Book 3: The Will.

Chapter 3: We deliberate on what we can do—not on ends, but means.

Now, as to deliberation, do we deliberate about everything, and may anything whatever be matter for deliberation, or are there some things about which deliberation is impossible?

By “matter for deliberation” we should understand, I think, not what a fool or a maniac, but what a rational being would deliberate about.

Now, no one deliberates about eternal or unalterable things, e.g. the system of the heavenly bodies, or the incommensurability of the side and the diagonal of a square.

Again, no one deliberates about things which change, but always change in the same way (whether the cause of change be necessity, or nature, or any other agency), e.g. the solstices and the sunrise; nor about things that are quite irregular, like drought and wet; nor about matters of chance, like the finding of a treasure.

Again, even human affairs are not always matter of deliberation; e.g. what would be the best constitution for Scythia is a question that no Spartan would deliberate about.

The reason why we do not deliberate about these things is that none of them are things that we can ourselves effect.

But the things that we do deliberate about are matters of conduct that are within our control. And these are the only things that remain; for besides nature and necessity and chance, the only remaining cause of change is reason and human agency in general. Though we must add that men severally deliberate about what they can themselves do.

A further limitation is that where there is exact and absolute knowledge, there is no room for deliberation; e.g. writing: for there is no doubt how the letters should be formed.

We deliberate, then, about things that are brought about by our own agency, but not always in the same way; e.g. about medicine and money-making, and about navigation more than about gymnastic, inasmuch as it is not yet reduced to so perfect a system, and so on; but more about matters of art than matters of science, as there is more doubt about them.

Matters of deliberation, then, are matters in which there are rules that generally hold good, but in which the result cannot be predicted, i.e. in which there is an element of uncertainty. In important matters we call in advisers, distrusting our own powers of judgment.

It is not about ends, but about means that we deliberate. A physician does not deliberate whether he shall heal, nor an orator whether he shall persuade, nor a statesman whether he shall make a good system of laws, nor a man in any other profession about his end; but, having the proposed end in view, we consider how and by what means this end can be attained; and if it appear that it can be attained by various means, we further consider which is the easiest and best; but if it can only be attained by one means, we consider how it is to be attained by this means, and how this means itself is to be secured, and so on, until we come to the first link in the chain of causes, which is last in the order of discovery.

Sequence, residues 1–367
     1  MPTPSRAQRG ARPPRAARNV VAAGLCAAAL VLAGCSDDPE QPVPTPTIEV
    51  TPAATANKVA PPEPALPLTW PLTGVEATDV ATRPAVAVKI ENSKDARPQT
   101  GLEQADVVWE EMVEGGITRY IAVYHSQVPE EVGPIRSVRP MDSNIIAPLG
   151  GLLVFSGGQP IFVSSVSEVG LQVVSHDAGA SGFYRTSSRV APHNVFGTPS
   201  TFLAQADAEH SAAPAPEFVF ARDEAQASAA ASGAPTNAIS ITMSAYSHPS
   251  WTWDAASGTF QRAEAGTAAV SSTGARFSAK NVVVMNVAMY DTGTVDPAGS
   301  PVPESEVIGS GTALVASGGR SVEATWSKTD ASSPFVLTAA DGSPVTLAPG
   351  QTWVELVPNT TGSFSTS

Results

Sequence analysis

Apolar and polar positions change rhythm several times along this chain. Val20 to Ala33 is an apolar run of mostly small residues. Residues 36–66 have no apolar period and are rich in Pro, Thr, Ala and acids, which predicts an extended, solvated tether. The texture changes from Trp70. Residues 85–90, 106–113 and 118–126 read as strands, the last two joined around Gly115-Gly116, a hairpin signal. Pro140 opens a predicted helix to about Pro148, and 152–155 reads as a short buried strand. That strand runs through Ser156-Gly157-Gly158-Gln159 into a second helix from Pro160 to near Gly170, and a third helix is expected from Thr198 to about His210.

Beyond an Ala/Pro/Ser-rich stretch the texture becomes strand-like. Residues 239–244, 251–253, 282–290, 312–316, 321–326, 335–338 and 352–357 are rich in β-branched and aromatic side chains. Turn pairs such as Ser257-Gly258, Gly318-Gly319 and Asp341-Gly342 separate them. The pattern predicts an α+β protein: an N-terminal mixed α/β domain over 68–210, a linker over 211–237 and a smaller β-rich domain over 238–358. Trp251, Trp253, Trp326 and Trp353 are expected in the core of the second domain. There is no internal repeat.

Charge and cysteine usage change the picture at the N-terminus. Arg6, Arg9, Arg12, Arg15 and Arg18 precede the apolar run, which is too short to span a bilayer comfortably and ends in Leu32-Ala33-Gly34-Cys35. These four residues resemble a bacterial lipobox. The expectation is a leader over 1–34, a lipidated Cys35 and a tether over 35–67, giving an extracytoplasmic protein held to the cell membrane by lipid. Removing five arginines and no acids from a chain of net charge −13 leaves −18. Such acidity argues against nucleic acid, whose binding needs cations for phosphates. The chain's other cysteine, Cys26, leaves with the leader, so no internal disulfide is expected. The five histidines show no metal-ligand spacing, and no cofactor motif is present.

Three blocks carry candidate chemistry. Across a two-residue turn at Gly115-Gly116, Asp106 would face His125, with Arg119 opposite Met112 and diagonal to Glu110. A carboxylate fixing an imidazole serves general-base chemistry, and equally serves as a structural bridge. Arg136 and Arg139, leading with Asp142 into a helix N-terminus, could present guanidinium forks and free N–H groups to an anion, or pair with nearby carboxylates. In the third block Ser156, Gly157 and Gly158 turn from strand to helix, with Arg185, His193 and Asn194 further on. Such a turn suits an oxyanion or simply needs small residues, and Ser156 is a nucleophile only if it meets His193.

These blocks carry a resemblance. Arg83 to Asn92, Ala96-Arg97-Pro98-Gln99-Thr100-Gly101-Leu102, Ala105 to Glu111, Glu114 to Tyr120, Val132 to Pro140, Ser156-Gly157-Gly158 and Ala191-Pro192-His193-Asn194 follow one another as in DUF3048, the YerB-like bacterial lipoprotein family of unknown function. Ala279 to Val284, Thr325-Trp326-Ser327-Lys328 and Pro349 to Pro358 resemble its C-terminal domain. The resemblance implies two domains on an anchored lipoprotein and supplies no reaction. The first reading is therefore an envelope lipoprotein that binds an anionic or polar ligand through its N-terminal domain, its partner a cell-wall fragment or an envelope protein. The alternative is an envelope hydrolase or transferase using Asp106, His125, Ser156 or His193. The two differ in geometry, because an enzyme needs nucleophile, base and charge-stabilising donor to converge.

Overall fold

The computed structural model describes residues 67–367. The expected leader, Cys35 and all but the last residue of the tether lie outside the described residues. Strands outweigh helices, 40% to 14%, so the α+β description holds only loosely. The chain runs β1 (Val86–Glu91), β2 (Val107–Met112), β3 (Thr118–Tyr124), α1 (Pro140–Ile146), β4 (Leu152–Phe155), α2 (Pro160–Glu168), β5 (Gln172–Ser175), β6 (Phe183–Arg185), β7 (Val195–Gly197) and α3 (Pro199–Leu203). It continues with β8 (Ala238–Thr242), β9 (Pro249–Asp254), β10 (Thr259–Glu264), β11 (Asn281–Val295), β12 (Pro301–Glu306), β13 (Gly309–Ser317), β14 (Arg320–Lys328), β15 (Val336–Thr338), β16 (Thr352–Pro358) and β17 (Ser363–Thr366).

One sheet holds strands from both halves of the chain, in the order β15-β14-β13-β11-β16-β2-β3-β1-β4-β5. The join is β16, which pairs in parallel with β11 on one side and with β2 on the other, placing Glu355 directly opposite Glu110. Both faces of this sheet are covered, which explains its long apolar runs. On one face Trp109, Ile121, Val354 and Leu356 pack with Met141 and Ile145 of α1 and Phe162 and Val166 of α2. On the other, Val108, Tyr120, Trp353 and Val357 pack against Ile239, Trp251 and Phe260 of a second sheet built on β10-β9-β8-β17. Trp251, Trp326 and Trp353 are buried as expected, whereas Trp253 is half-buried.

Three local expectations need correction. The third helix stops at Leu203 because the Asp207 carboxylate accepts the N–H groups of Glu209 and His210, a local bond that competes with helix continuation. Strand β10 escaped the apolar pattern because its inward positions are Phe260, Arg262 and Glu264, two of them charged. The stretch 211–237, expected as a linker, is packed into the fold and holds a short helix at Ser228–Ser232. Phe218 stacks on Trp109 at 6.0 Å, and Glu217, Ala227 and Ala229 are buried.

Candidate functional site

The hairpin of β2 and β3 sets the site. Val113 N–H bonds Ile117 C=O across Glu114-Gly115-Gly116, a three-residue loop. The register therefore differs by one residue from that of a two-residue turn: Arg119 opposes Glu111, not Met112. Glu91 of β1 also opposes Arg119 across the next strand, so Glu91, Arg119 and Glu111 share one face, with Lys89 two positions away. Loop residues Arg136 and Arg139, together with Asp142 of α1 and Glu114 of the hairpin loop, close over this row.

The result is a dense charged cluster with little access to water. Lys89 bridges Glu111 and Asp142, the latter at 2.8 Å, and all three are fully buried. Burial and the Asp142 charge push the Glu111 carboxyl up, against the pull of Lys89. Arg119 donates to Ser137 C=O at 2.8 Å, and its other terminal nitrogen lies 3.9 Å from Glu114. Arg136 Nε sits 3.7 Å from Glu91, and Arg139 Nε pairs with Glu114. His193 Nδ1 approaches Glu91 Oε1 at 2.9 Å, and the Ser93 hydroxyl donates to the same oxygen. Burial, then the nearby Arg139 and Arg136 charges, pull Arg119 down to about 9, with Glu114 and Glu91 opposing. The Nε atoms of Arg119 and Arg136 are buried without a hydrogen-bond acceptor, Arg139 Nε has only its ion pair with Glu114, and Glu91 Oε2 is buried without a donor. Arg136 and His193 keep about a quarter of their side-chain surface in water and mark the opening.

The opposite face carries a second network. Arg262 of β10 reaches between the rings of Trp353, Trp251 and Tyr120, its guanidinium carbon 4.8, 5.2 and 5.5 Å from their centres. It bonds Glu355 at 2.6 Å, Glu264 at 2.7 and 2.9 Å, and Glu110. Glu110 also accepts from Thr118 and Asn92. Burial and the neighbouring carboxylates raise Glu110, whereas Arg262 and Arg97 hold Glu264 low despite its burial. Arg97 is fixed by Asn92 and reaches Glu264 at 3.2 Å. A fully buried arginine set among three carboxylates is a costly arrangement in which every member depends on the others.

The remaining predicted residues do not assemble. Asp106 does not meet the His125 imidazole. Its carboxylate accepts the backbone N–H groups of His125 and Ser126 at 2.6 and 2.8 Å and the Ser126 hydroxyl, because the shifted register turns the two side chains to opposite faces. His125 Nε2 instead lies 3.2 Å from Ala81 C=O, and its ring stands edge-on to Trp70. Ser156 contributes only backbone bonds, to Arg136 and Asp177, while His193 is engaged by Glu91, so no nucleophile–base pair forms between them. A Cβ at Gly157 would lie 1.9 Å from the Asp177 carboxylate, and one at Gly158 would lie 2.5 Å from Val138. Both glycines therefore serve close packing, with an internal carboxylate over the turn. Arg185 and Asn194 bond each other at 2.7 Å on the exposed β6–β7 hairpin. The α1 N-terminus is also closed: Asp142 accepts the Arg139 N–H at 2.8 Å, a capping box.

For in deliberation we seem to inquire and to analyze in the way described, just as we analyze a geometrical figure in order to learn how to construct it (and though inquiry is not always deliberation—mathematical inquiry, for instance, is not—deliberation is always inquiry); that which is last in the analysis coming first in the order of construction.

If we come upon something impossible, we give up the plan; e.g. if it needs money, and money cannot be got: but if it appear possible, we set to work. By possible I mean something that can be done by us; and what can be done by our friends can in a manner be done by us; for it is we who set our friends to work.

Sometimes we have to find out instruments, sometimes how to use them; and so on with the rest: sometimes we have to find out what agency will produce the desired effect, sometimes how or through whom this agency is to be set at work.

It appears, then, that a man, as we have already said, originates his acts; but that he deliberates about that which he can do himself, and that what he does is done for the sake of something else. For he cannot deliberate about the end, but about the means to the end; nor, again, can he deliberate about particular facts, e.g. whether this be a loaf, or whether it be properly backed: these are matters of immediate perception. And if he goes on deliberating for ever he will never come to a conclusion.

But the object of deliberation and the object of choice or purpose are the same, except that the latter is already fixed and determined; when we say, “this is chosen” or “purposed,” we mean that it has been selected after deliberation. For we always stop in our inquiry how to do a thing when we have traced back the chain of causes to ourselves, and to the commanding part of ourselves; for this is the part that chooses.

This may be illustrated by the ancient constitutions which Homer describes; for there the kings announce to the people what they have chosen.

Since, then, a thing is said to be chosen or purposed when, being in our power, it is desired after deliberation, choice or purpose may be defined as deliberate desire for something in our power; for we first deliberate, and then, having made our decision thereupon, we desire in accordance with deliberation.

Let this stand, then, for an account in outline of choice or purpose, and of what it deals with, viz. means to ends.


Icon for the Public Domain license

This work (The Nicomachean Ethics by Aristotle) is free of known copyright restrictions.